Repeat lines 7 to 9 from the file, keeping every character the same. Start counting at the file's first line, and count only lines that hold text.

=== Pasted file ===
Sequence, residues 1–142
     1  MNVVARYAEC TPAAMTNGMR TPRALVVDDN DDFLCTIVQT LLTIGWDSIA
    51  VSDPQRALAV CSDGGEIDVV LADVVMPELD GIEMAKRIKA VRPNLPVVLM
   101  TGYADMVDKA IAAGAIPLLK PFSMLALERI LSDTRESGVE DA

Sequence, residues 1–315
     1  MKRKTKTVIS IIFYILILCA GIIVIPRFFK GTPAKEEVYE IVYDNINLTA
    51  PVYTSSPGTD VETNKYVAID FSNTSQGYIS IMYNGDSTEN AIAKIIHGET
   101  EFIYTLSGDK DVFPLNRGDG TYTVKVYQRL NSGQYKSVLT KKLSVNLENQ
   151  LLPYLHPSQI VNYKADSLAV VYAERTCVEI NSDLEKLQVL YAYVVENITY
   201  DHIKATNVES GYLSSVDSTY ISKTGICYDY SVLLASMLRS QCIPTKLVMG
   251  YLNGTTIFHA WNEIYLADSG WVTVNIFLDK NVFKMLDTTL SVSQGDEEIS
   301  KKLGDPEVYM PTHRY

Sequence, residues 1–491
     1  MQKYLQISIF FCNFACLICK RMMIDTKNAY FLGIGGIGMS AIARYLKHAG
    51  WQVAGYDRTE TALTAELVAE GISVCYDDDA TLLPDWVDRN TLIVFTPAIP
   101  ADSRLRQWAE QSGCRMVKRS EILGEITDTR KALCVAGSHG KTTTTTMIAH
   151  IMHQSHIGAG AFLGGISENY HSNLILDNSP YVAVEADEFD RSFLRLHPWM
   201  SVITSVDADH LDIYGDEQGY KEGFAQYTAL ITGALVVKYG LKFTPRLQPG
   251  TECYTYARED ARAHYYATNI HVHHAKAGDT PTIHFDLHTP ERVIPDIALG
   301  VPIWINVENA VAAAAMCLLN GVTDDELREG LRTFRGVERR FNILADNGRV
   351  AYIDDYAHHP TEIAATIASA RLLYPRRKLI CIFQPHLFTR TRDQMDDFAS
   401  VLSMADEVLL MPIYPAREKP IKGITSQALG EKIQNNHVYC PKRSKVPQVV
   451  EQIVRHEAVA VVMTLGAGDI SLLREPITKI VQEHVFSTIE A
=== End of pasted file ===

    51  PVYTSSPGTD VETNKYVAID FSNTSQGYIS IMYNGDSTEN AIAKIIHGET
   101  EFIYTLSGDK DVFPLNRGDG TYTVKVYQRL NSGQYKSVLT KKLSVNLENQ
   151  LLPYLHPSQI VNYKADSLAV VYAERTCVEI NSDLEKLQVL YAYVVENITY